Back on the road, we continue onwards to Trinidad gazing in wonder as the beautiful coastline of Southern Cuba comes into view. As the van starts to rumble along the cobblestone streets and colorful buildings of colonial design come into view, we know we’re here.


Over the next two nights, we’ll have the unique opportunity to stay in casas particulares, or local bed and breakfasts that are common throughout Cuba. This is the perfect chance to learn about Cuban culture from the people themselves.

After having a chat with my host family, a husband and wife who are both retired engineers, I head to dinner with the group at a beautiful paladar in town. Greeting us upon arrival is a live band who plays for us as we wait for our delicious meal of fresh caught lobster. Later in the evening, I join some of the group for an evening listening to salsa music in the historic city center.



Waking up to fresh squeezed mango juice, Cuban coffee and an enlightening conversation about Cuban music is not a bad way to start the day! My host even has a private bonsai garden that she walks me through.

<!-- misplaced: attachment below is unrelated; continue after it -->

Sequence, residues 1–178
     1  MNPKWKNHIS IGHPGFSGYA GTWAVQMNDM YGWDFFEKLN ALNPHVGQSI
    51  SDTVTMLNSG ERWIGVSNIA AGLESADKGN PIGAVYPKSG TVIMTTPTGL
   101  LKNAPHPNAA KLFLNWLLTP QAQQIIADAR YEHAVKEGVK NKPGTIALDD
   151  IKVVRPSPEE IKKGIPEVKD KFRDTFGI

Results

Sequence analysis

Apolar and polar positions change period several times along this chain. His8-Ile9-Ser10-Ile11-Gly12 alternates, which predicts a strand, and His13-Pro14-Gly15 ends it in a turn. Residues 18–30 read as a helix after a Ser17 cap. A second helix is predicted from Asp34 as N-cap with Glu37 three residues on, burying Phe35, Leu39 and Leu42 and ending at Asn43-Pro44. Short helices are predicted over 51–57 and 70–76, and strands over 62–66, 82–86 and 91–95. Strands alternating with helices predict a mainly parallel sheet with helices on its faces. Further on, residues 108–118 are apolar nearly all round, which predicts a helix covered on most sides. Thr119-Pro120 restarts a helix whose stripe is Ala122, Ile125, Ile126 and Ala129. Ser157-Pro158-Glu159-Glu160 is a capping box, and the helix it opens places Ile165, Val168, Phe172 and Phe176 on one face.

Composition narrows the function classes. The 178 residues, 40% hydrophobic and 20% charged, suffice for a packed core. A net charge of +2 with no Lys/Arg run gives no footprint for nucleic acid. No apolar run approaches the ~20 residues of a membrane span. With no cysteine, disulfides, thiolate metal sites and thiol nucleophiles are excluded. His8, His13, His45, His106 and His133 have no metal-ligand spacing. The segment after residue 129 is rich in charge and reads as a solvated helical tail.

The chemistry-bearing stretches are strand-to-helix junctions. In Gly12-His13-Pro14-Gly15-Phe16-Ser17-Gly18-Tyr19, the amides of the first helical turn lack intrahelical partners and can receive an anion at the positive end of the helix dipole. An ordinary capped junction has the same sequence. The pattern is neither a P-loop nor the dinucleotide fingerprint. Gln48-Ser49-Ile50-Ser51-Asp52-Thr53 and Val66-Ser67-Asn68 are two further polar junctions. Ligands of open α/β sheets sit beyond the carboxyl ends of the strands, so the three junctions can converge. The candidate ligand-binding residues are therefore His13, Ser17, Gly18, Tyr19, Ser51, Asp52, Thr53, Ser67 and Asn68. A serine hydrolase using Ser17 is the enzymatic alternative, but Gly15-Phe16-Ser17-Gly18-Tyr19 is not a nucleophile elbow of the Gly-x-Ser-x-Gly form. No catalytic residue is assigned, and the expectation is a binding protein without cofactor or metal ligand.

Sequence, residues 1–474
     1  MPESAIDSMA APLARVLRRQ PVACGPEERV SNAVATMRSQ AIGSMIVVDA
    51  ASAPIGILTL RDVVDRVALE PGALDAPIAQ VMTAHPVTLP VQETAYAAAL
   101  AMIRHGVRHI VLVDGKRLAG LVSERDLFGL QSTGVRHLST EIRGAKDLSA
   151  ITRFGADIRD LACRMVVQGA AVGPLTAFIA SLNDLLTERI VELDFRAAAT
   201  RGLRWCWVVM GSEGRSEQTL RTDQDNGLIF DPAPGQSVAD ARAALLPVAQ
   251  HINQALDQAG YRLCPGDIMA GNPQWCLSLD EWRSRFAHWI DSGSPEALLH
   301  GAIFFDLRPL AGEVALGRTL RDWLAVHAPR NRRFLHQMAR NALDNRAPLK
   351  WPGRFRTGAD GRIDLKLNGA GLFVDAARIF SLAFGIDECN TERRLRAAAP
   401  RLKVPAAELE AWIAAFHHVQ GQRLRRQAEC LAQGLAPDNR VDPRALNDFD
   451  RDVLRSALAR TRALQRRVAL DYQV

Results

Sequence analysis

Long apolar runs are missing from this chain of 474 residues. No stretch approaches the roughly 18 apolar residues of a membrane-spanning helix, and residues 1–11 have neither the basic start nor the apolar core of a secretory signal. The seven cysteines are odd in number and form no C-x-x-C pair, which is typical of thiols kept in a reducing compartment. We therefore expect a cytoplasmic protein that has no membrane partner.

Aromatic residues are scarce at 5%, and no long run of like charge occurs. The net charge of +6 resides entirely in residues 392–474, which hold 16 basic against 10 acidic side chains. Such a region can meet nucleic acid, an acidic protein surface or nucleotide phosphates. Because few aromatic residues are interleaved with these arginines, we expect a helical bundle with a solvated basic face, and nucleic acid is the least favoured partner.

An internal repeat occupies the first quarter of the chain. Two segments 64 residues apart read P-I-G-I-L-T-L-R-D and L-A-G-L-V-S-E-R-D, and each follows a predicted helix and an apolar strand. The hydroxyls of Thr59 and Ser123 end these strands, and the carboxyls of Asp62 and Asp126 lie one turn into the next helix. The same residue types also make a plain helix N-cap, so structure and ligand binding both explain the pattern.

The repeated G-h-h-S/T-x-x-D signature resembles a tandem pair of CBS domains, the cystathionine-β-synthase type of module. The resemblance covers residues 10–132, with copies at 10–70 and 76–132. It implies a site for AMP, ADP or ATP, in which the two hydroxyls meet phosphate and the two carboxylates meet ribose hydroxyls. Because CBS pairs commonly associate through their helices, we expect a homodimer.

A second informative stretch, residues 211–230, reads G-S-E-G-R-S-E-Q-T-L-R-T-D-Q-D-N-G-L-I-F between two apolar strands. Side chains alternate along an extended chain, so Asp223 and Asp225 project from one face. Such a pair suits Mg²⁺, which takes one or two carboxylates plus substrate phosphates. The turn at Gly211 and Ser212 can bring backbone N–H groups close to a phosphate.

We hit the streets of Trinidad early with a walking tour of the historic city center, a UNESCO World Heritage Site. Quaint alleyways lead to cobblestone streets lined with colorful houses. In the center of Trinidad sits an ornate cathedral that looks over the main square, a relic to the 16th Century Spanish sugar trade.


Towards the end of the tour, our guide waves us over to a set of stairs that leads to a secret lookout point. The group stands motionless taking in the most well preserved city in Cuba as well as the Caribbean sitting in the distance.

Speaking of the Caribbean, you can’t go to Cuba without taking a dip in its warm waters. After lunch, we take a short drive down the road to an unspoiled beach for a brief afternoon swim – a relaxing addition to a wonderful day.